”He’s actually too good of a goalie if you’re going to shoot from outside with no traffic, so maybe we can get some more traffic and find these rebounds like we did the first couple of games,” Backstrom said.

”We have pretty good chances. We just don’t execute,” Ovechkin said after the Washington power play was shut out for the second straight game. ”We tried. … We had so (many) shots, and we just didn’t score one more goal.”

But just as Tampa Bay embraced the challenge of battling its way back into the series after losing Games 1 and 2, the Capitals are excited about the opportunity ahead, beginning Saturday night.

Not only is Washington is 7-1 on the road this postseason, but the Caps went on eliminate Columbus in the first round and Pittsburgh in the conference semifinal in six games after those series were each tied at 2.

”I think we’ve played three out of the four games pretty well,” Trotz said. ”I’m not disappointed at all.”

The Lightning are confident, too.

”Clearly home-ice advantage has been a disadvantage in this series,” Cooper said. ”Now, in saying that, I’d rather have Game 5 at home. I believe we’ll be a different team here than we showed up in Game 1 and 2.”

More AP hockey: https://apnews.com/tag/NHLhockey

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Capitals confident in ability to continue road advantage vs. Lightning

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The Washington Capitals may have dropped two games at home to allow the Tampa Bay Lightning to even the Eastern Conference Final at two games apiece, but a 7-1 road record this postseason will allow for some confidence as the series becomes a best-of-three.

“There’s nothing we can do. We’re not going to look back, we’re just going to look forward,” said Capitals captain Alex Ovechkin. “This group of guys have been in different situations all year and we fight through it. It’s a huge test. We’re still going to have fun, we’re still going to enjoy it. We’ll see what happens. We’re going to Tampa to play our game, try to get a victory and come back home.”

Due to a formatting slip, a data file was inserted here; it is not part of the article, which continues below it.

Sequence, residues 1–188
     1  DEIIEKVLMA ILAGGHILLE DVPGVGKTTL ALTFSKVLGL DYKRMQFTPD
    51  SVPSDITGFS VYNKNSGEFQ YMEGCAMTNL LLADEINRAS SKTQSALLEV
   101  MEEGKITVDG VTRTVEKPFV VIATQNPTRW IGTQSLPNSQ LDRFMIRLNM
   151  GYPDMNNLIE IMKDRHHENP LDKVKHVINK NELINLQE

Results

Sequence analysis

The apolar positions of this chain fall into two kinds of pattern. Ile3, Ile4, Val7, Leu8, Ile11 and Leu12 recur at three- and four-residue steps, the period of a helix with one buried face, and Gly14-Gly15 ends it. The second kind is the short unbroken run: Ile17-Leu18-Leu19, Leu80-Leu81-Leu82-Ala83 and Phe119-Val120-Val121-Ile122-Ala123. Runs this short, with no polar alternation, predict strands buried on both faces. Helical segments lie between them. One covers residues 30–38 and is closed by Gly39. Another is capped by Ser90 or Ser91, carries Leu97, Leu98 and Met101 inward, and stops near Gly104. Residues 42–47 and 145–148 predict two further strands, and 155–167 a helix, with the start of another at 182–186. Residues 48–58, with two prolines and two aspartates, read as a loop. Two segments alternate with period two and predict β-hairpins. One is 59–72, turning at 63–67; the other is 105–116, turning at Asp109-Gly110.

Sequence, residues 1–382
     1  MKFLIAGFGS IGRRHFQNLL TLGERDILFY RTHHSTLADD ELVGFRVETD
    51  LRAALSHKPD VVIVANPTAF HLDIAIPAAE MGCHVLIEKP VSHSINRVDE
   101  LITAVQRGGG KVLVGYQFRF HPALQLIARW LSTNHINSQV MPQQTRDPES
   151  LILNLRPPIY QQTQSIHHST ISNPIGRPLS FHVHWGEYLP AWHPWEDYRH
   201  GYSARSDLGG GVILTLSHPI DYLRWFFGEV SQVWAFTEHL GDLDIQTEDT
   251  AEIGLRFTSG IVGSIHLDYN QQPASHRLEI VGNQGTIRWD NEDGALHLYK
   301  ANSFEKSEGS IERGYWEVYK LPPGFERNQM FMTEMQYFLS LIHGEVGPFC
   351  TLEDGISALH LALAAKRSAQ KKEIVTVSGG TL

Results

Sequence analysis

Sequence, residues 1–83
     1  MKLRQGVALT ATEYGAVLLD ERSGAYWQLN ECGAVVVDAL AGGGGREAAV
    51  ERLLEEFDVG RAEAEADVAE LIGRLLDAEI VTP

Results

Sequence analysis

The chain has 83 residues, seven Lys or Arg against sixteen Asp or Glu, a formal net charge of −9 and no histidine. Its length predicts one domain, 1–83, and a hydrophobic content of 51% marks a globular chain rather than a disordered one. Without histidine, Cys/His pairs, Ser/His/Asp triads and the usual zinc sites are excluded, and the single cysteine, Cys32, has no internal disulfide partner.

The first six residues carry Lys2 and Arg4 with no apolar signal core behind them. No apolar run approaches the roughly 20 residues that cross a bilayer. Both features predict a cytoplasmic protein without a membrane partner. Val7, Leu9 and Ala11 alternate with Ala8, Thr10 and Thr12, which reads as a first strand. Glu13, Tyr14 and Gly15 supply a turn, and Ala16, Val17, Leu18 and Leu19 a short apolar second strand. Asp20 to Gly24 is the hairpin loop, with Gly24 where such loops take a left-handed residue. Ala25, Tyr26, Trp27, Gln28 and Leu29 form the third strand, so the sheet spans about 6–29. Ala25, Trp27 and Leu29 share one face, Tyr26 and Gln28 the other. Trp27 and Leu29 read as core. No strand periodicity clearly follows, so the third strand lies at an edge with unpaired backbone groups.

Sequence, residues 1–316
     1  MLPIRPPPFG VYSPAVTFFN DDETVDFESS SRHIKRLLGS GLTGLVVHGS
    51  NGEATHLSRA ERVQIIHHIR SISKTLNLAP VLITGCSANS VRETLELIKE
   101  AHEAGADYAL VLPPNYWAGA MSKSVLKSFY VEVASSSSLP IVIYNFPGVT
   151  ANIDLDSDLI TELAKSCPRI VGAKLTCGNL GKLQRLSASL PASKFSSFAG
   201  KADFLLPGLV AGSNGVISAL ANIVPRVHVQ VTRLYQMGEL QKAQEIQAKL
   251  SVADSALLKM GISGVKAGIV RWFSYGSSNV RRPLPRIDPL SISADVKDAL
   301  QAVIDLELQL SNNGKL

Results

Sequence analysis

Head coach Barry Trotz used the word “resilient” several times in his post-Game 4 press conference to describe his team, and it’s appropriate They dropped the first two games to the Columbus Blue Jackets in the first round only to reel off four straight wins. They dropped Game 1 against the Pittsburgh Penguins after blowing a third period lead, then allowed their opponent to tie the series at two before winning Games 5 and 6 to advance. Now they wasted a strong start to the conference final and have given the Lightning a lifeline, even as they dominated at even strength through four games.

“We know how we have to play,” Trotz said afterward. “We’ve played well in three of four games; we played one stinker. We’re comfortable going on the road. We would have loved to have gotten this one tonight. We didn’t. We’re going to go to Tampa, and our intention is to go win a game in Tampa. We’ve already done it twice.”

[Lightning survive barrage to even series with Capitals]

Two dominant road victories already in this series won’t allow the Capitals’ confidence to wane or for old memories of previous playoff choke jobs to creep into their heads just yet. It’s about replicating their success in Games 1 and 2 while trying to be smarter about discipline (Hey, Lars Eller!) and not allow a Tampa power play that’s capitalized 42.9 percent in this series to continue winning that battle.

A lot of the credit for Tampa’s two wins in D.C. can go to goaltender Andrei Vasilevskiy, who stopped 36 shots in both victories and allowed only four goals. Some of those chances were of the high-danger variety, but the Capitals couldn’t find the back of the net.

“He didn’t play great in the first two. He played well in the second two,” said Tom Wilson about Vasilevskiy’s play. “It’s our job to make him look more like the goalie the first couple of games. We’ll keep going to the net. We’ll make it hard on him. Hopefully the bounces will go in.”

“We had pretty good chances. We just [didn’t] execute,” added Ovechkin.

The old saying goes it’s not a series until a team loses at home. Well, the home team hasn’t had any luck in this conference final, but you have to imagine at some point over the course of these final three games a breakthrough will occur. In the meantime, the Capitals will look to continue to the home-ice non-advantage trend Saturday night in Game 5 (7:15 p.m. ET, NBC, live stream) at AMALIE Arena.

“Nothing’s come easy for this team,” said Trotz.

MORE:
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Conference Finals schedule, TV info
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NBC’s Stanley Cup Playoff Hub